Fourteen-year-old Sophronia is a great trial to her poor mother. Sophronia is more interested in dismantling clocks and climbing trees than in proper manners—and the family can only hope that company never sees her atrocious curtsy. Mrs. Temminnick is desperate for her daughter to become a proper lady. So she enrolls Sophronia in Mademoiselle Geraldine’s Finishing Academy for Young Ladies of Quality. But Sophronia soon realizes the school is not quite what her mother might have hoped. At Mademoiselle Geraldine’s, young ladies learn to finish…everything. Certainly, they learn the fine arts of dance, dress, and etiquette, but they also learn to deal out death, diversion, and espionage—in the politest possible ways, of course. Sophronia and her friends are in for a rousing first year’s education. Set in the same world as the Parasol Protectorate, this YA series debut is filled with all the saucy adventure and droll humor Gail Carriger’s legions of fans have come to adore.
This book is pure, unadulterated hilarity. It’s probably the fluffiest thing I’ve ever read, but I was so busy laughing I didn’t care one whit that it lacked the emotional depth and complexity I often look for in novels. But then, I also love books that don’t take themselves seriously and some of my all-time favorite narrative styles are those of Adams and Pratchett (I’m a sucker for British comedy and literary parody). I learned early on to never discount the deliberately irreverent: Celebrate it.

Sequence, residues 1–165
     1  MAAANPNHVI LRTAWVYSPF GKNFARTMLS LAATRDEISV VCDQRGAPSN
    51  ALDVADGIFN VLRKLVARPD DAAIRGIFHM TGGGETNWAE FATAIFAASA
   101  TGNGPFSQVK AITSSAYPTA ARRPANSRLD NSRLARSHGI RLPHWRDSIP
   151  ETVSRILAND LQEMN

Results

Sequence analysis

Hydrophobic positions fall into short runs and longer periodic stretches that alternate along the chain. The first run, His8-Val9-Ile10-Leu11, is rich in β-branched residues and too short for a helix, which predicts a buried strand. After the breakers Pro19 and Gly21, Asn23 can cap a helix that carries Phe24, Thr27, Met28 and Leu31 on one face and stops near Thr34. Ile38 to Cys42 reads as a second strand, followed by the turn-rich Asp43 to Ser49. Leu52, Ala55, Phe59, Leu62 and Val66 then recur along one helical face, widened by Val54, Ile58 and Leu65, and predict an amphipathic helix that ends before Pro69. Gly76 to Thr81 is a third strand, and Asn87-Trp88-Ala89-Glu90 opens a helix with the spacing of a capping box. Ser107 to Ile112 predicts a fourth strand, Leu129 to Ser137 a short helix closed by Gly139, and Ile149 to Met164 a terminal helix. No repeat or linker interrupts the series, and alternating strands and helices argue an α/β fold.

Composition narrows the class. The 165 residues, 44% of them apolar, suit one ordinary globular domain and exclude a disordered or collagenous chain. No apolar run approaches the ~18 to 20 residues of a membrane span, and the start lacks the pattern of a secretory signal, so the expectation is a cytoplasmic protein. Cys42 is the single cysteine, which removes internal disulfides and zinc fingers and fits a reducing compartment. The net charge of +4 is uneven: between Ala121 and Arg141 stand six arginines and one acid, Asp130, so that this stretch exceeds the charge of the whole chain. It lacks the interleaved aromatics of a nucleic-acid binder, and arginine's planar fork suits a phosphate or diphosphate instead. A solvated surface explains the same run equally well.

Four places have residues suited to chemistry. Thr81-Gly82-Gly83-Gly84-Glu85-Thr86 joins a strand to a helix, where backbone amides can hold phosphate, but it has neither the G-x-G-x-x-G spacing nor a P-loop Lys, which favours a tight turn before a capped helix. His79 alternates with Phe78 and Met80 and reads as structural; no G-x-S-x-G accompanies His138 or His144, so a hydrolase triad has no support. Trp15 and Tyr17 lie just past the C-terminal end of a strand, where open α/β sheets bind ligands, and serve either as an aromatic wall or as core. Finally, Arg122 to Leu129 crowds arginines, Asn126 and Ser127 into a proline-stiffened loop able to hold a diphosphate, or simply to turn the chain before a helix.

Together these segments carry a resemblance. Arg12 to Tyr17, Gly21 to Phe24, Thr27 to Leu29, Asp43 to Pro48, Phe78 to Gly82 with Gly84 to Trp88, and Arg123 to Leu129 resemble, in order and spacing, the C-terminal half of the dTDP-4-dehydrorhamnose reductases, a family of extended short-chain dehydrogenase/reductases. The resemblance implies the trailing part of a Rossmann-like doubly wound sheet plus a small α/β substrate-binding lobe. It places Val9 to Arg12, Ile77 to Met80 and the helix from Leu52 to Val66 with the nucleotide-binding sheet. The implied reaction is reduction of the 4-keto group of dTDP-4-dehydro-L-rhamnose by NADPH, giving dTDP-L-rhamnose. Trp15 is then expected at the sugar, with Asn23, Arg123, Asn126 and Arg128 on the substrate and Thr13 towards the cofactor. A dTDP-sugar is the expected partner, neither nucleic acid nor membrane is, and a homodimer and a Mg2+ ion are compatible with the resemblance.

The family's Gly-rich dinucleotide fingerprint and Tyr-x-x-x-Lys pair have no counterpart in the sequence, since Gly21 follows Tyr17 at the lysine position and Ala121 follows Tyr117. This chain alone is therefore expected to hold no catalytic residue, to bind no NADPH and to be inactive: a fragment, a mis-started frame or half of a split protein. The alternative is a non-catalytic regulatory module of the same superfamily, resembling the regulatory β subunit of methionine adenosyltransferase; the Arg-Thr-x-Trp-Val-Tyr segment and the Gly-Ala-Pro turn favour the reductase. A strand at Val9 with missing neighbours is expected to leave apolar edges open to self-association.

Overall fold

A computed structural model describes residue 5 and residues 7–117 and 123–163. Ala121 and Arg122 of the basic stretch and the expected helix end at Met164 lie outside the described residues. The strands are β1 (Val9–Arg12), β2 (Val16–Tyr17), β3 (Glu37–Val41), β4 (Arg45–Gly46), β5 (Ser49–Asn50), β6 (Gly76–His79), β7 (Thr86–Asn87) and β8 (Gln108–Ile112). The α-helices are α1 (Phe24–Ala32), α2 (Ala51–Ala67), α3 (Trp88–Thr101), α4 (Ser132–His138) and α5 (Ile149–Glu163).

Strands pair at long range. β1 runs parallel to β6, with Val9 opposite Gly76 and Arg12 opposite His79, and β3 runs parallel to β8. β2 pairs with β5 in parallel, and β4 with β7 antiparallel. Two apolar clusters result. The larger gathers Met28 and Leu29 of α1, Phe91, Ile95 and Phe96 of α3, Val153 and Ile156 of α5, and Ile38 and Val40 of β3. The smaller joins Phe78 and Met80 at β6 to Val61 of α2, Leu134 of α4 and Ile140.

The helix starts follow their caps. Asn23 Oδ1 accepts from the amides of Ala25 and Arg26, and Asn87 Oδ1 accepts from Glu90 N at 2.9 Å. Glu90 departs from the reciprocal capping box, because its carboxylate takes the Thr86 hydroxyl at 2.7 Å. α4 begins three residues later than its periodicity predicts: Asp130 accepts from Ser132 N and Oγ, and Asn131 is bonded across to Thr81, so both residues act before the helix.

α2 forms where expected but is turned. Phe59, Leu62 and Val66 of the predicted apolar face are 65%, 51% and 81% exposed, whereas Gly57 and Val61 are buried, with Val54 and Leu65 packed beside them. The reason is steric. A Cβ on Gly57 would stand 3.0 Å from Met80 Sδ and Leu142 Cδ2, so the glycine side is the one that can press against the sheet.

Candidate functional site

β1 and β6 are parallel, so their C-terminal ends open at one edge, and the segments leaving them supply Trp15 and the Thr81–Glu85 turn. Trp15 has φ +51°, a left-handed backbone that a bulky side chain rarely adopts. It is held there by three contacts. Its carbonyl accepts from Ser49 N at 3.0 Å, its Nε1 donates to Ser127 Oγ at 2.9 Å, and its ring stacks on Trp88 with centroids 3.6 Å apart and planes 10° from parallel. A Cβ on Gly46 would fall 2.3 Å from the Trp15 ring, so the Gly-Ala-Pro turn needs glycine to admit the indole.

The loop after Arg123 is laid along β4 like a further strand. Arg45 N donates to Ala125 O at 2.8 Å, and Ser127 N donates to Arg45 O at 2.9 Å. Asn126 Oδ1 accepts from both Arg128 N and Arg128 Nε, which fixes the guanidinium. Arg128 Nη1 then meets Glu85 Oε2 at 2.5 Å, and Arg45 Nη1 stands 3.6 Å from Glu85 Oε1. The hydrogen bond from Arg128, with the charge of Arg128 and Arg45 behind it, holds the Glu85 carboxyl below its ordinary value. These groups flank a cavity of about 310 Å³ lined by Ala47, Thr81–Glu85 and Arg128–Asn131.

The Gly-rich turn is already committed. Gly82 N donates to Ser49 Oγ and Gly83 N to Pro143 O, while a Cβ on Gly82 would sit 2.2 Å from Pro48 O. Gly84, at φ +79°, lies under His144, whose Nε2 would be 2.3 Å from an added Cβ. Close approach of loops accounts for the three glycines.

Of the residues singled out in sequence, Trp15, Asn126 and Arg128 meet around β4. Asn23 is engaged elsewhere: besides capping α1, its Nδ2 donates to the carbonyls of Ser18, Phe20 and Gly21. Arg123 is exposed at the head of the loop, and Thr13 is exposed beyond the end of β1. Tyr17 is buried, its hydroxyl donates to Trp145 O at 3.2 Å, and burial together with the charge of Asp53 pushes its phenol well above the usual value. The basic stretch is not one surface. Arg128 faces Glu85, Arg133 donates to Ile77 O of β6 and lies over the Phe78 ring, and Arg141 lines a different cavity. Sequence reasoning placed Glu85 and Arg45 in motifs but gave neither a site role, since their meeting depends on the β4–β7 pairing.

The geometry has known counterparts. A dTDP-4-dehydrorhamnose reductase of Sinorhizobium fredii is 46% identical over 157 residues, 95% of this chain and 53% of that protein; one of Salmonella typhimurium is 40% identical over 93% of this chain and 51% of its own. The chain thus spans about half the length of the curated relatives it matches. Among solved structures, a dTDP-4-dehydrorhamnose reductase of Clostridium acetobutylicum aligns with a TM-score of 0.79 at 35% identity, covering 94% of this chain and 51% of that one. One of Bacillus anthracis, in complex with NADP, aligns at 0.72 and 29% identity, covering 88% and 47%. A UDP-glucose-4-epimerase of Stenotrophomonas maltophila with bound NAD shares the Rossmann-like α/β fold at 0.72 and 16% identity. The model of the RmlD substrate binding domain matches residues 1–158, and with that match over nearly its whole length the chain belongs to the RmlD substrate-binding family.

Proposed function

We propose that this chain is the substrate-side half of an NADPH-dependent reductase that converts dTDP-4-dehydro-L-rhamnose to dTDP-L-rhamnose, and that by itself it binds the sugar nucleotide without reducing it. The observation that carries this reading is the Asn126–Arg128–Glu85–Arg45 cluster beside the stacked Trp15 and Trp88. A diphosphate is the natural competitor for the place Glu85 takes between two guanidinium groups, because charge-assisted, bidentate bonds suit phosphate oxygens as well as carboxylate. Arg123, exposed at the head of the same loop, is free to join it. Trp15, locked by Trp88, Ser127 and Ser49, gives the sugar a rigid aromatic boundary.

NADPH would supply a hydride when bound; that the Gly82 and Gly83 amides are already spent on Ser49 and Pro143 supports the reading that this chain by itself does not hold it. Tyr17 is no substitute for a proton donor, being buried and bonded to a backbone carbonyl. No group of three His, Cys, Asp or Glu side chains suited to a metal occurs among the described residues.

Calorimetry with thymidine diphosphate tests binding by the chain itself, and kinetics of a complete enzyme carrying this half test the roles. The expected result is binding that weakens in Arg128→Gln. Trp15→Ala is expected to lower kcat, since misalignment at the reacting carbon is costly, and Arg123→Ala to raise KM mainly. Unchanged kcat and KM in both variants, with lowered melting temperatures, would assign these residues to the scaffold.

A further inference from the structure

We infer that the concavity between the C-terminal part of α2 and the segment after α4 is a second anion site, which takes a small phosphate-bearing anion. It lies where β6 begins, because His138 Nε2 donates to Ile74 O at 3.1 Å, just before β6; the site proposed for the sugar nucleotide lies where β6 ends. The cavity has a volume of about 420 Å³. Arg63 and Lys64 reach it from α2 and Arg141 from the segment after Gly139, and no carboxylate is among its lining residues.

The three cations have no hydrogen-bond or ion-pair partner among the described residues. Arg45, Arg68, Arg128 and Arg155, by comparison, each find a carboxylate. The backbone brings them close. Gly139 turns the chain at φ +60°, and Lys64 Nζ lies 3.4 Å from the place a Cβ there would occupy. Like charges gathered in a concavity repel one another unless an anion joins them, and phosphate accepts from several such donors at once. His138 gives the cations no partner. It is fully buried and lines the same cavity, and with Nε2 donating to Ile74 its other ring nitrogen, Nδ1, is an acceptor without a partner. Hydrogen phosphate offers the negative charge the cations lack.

To that end, and because brevity is, in this case, most definitely the soul of wit, I present my review of Gail Carriger’s Etiquette and Espionage in bullet points.
Reasons I almost didn’t pick up this book:
1. The cover—I foolishly thought it was a romance novel. Someone needs to slap the publishing industry upside the head for deciding that just because a novel is written by a woman that it necessitates a female audience who naturally loves pink. What, I ask you, the bloody hell? I can speak for no other female save myself, but I personally hate pink.*